Texas Driver Responsibility Surcharg...
DJJ

Houston, TX

#41 Sep 16, 2008
It's simple.....if you have insurance you drive, if you don't you shouldn't be driving. I believe the general public is just tired of those individuals getting a free ride.
Jon

Austin, TX

#42 Sep 22, 2008
I got put on this program after getting ticketed for no insurance. I usually pay my insurance 6 months or 1 year at a time and simply forgot to renew it in time. When I showed my insurance to the officer it had lapsed by only a day or two - tough luck!
Anyway, I knew nothing about this program until I started receiving the surcharges in the mail. I don't think anyone would argue that there shouldn't be penalties for driving without insurance, but you will ultimately spend over $1,000 dollars over the course of 3 years.
That's assuming you don't miss a payment and give them an excuse to assess a series of more fines and hoops to jump through. The amounts are unreasonable and the payment plan is specifically designed to increase the likelihood of assessing fines in order to extract more money out of people. It's simply ridiculous.
DJJ fails to recognize that as citizens of the USA we vote and thus decide what are reasonable laws and penalties. It is in everyone's best interest to discuss a cumbersome, unfair, and intentionally vindictive law and have to replaced with something more sensible.
DJJ

Houston, TX

#43 Sep 24, 2008
I'll bet you won't let it happen again !
Pay up !

Since: Oct 08

Location hidden

#44 Oct 8, 2008
DJJ besides simply being an ignorant asshole who needs his jaw broke, has failed to realize that some of us got snared into this while having insurance. I've always had insurance, just didn't have the actual paper on me one night in a freshly restored classic car. Not my usual daily driver. But the car is and was insured. No free ride here as head ass wipe states.
And here's the kicker, besides DJJ being rude and clueless, the DPS computer in the cop car shows everything about you. Where you bought your car, who financed the car, how much you owe on the car. It shows if you have current insurance and everything else about you.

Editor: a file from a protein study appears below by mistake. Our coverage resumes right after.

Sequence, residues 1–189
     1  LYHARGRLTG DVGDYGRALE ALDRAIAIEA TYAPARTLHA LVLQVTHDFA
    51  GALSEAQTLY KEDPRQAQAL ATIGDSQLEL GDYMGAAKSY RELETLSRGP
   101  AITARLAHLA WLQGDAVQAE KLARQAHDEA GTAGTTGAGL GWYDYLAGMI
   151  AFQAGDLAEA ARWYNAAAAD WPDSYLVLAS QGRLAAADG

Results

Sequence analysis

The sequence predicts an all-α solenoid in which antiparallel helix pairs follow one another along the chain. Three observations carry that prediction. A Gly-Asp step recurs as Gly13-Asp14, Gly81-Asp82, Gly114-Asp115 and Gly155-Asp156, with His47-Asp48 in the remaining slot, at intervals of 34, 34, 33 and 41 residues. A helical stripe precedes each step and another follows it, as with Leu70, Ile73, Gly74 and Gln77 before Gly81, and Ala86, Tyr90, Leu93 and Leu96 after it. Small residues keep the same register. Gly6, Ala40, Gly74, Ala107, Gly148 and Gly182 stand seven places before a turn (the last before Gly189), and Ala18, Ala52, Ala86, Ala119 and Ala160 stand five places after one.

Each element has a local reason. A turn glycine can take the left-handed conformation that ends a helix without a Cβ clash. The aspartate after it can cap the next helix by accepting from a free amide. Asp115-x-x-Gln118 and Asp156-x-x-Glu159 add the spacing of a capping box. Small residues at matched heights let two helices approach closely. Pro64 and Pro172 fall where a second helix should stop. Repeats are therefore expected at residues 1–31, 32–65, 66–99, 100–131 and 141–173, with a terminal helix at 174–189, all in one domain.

So if this is true, and they know right away. Why even ask to see the actual paper? It's in their computer? Unless they have figured out a way to slam the average joe on a technicality. Which is what it amounts to. It is extortion, it is a racket. And DJJ, seriously, go away....your an idiot fool.
Desi

Houston, TX

#45 Oct 10, 2008
Klugscheiber wrote:
DJJ besides simply being an ignorant asshole who needs his jaw broke, has failed to realize that some of us got snared into this while having insurance. I've always had insurance, just didn't have the actual paper on me one night in a freshly restored classic car. Not my usual daily driver. But the car is and was insured. No free ride here as head ass wipe states.
And here's the kicker, besides DJJ being rude and clueless, the DPS computer in the cop car shows everything about you. Where you bought your car, who financed the car, how much you owe on the car. It shows if you have current insurance and everything else about you.
So if this is true, and they know right away. Why even ask to see the actual paper? It's in their computer? Unless they have figured out a way to slam the average joe on a technicality. Which is what it amounts to. It is extortion, it is a racket. And DJJ, seriously, go away....your an idiot fool.
Hay Dip Stick ! I'll let you in on a little secret....if you have insurance the courts allow you to sent in a copy of your insurance certificate and "poof" the ticket goes away. Now stop all the bullshit, you didn't have insurance and should pay all fines and fees because of not having it. You can always pick up a "throw down insurance certificate" at the mexican flea market.

Since: Oct 08

Location hidden

#46 Oct 13, 2008
Hey Dipstick, I did have insurance, and yes, I went to court, paid court costs and ticket was dismissed. Poof? Right? Here's the truly exceptional part of the story...
A couple years goes by and I have moved a few times, apparently in the meantime the Texas DPS decided upon a RETROACTIVE FINE POLICY. Keyword "Retroactive".
This means they come after you at a later date on something you thought "POOF" went away.